Secondly, as stated by the noble Lord, Lord Newton, real concerns arise from the way in which we try to resolve the problem of people who are detained but not tried. As the noble Lord, Lord Judd, pointed out, removal is a very strange way to deal with the issue because we then simply export to other countries which are even less capable of dealing with the matter people who we believe pose a serious threat to society. It is extraordinary that we should have allowed that to happen unquestioned when, undoubtedly, some of those who are said to pose a serious terrorist threat will be sent to continue their dangerous activities elsewhere. That is hardly a sensible approach to global terrorism.
Thirdly, as has been said by a number of noble Lords—not least, the noble Lord, Lord Newton—I believe it is important to underline that we are giving greater consideration to what is accepted by the Minister, the Home Secretary and others as a continuing threat. In the other place on
"retain part 4 for the foreseeable future".—[Official Report, Commons, 25/2/04; col. 306.]
In other words, the Home Secretary concedes that we are likely to see a continuing terrorist threat over many years, and he appears to feel that Part 4 can therefore be sustained by annual extensions. That is not a satisfactory outcome.
My final important point is that we need an absolute assurance from the Minister concerning the reaction of the Government, as expressed in an intelligent and constructive debate on
My Lords, I am aware that I rise not in the correct order and I apologise for speaking this late in the debate. It means that many of the points that I wanted to make have already been made eloquently, not least by the chairman of our committee, the noble Lord, Lord Newton, and by the noble Lord, Lord Holme of Cheltenham, in putting forward his amendment, the noble Baroness, Lady Williams, and my noble friend Lord Judd. I agreed almost entirely with my noble friend's speech, although I wish to pick up on one point that he made concerning the conditions in which the detainees are being held.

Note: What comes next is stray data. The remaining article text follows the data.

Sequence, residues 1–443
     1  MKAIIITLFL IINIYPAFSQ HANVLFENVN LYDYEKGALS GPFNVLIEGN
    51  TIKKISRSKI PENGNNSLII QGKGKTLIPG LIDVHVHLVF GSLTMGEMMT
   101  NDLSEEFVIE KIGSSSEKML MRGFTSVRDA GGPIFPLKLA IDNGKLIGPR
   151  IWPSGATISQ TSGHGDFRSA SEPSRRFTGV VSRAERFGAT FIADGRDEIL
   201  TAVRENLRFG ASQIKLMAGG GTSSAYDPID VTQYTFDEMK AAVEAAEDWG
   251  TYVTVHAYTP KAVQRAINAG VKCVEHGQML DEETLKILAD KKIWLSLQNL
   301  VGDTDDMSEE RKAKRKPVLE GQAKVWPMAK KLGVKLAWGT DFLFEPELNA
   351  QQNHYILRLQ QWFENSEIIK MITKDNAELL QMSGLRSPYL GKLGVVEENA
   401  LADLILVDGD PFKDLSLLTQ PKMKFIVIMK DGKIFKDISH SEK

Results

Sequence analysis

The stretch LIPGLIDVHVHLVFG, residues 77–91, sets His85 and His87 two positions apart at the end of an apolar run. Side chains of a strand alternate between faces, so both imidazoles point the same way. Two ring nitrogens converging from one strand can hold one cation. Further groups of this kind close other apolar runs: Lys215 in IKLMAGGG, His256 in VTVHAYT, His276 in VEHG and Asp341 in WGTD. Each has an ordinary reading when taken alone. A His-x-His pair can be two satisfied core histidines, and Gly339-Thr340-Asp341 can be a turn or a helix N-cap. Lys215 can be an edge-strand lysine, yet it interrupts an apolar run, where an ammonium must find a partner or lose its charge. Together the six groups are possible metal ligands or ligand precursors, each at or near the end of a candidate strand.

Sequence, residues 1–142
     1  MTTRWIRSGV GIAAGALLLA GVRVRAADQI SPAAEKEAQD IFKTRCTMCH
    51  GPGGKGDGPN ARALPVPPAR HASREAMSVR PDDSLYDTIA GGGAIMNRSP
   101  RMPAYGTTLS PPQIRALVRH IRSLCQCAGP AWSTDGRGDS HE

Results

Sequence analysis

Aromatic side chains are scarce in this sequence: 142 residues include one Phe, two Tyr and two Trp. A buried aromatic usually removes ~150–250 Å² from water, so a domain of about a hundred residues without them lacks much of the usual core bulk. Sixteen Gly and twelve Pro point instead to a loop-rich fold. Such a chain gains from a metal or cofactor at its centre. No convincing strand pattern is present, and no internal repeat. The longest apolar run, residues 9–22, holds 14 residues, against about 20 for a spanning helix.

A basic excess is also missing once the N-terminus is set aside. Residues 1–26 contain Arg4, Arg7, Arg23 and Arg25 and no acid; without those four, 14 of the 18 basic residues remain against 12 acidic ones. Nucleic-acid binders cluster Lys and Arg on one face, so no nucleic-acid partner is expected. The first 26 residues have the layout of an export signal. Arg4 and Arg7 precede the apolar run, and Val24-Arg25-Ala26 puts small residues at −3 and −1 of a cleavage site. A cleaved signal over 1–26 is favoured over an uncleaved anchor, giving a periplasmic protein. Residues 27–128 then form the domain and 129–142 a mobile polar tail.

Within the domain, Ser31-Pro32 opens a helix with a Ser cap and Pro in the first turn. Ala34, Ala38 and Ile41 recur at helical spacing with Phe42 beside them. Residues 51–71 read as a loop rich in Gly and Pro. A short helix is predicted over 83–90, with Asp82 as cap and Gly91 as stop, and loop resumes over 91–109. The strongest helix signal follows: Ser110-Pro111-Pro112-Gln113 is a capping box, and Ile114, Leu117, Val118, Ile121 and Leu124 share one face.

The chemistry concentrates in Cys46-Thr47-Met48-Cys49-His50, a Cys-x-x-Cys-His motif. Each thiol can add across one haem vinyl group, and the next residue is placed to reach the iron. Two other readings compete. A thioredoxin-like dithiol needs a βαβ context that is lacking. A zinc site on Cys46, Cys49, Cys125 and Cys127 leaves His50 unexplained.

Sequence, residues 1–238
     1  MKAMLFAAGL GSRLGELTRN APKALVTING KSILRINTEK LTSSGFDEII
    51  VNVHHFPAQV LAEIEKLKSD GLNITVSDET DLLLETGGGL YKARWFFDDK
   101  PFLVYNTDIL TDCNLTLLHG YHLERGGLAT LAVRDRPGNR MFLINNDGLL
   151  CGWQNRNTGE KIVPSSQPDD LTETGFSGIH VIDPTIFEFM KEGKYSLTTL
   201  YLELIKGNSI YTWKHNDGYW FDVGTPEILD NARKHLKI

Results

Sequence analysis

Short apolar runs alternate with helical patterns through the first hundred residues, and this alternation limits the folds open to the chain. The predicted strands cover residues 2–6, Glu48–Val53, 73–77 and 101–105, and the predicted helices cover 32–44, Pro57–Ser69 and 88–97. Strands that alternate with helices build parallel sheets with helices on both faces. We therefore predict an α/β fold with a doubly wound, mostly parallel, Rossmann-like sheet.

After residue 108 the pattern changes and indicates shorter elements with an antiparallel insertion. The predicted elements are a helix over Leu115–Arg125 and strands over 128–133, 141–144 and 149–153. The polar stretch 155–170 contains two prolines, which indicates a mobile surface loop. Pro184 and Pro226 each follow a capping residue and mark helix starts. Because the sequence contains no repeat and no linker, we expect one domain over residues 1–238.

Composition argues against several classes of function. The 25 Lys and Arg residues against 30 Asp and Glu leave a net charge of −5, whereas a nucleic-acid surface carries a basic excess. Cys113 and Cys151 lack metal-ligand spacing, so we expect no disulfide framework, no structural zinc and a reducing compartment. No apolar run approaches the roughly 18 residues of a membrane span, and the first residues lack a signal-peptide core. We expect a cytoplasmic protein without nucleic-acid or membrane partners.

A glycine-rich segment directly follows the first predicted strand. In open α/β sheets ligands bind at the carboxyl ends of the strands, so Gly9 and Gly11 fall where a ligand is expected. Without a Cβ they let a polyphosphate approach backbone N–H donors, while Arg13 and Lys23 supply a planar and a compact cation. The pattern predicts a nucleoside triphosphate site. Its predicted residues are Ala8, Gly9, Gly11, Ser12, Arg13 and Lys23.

I visited both Belmarsh and Woodhill to see the detainees and had the opportunity to speak to them. I also had the opportunity, as did other members of the committee, to see the facilities that had been provided by the Home Office following the recommendations of the noble Lord, Lord Carlile of Berriew. I believe we all agreed that they are excellent facilities and we all regretted deeply, as did the noble Lord, Lord Carlile, in his latest report, the decision of the detainees not to take advantage of those facilities. I hope that that provides some reassurance that what we considered to be a totally appropriate regime and environment are in place, should the detainees wish to go there.
Of course, that does not detract from the issue that we are debating today—that is, whether the detention itself is an appropriate measure. On that, I start by saying that, like others who have spoken, I shall be supporting the renewal of the provisions put forward by my noble friend today. I believe it would be irresponsible of this House not to support the renewal of Part 4 unless and until we have in place a replacement set of measures—I believe that it will be a set of measures rather than a single measure—that better balances the eternal difficulty of reconciling the right of all citizens to security and public safety against the right of suspects to what is, in the Home Secretary's words in the introduction to the discussion document, non-negotiable—the right to a fair trial. Equally, I believe that it would be irresponsible of the Government not to take the opportunity presented to them by a year's renewal.
Perhaps I may say, having been part of its authorship, that the Privy Counsellor Review Committee published a very considered report. We sat for a long time; we heard a lot of evidence; we thought a great deal about the issue; and the report has been not badly reviewed in some areas. In our report—the report of the noble Lord, Lord Carlile of Berriew—there is adequate material on which I believe the Government could take action. Like the noble Lord, Lord Newton, I believe that the crunch will come not on today's renewal debate but were we to be faced with a renewal debate in a year's time without, as he said, satisfactory changes having been made or the prospect of a better package.
So, in spirit I am very much with my colleague and committee member, the noble Lord, Lord Holme of Cheltenham. I have to say that the spiritual may not be echoed by the corporeal as far as voting is concerned, were the noble Lord to push the amendment. The reason for that echoes the words of the noble Lord, Lord Newton. I believe that the balance of the noble Lord's amendment in referring only to the derogation issue is not satisfactory.
The reasons I shall give today for being deeply concerned about Part 4 are not those civil libertarianism issues which have been raised and spoken about eloquently—not that I am not concerned about them—but the efficacy issues. I took very seriously the tenor of the contribution made in another place by my honourable friend Vera Baird QC about not assuming that other countries' regimes were better or less destructive of civil liberties than our own simply because they had not gone through the process of seeking a derogation. I think that it is to the Government's credit that they recognise the need for a derogation and were willing to argue the case for it. So I do not think we should assume that everywhere else is necessarily better than ourselves. There was some evidence to the committee about long periods of detention in other countries under other mechanisms—equally unsatisfactory I would suggest in civil liberty terms—but that has not been given the imprimatur of a derogation because the government concerned have never sought it.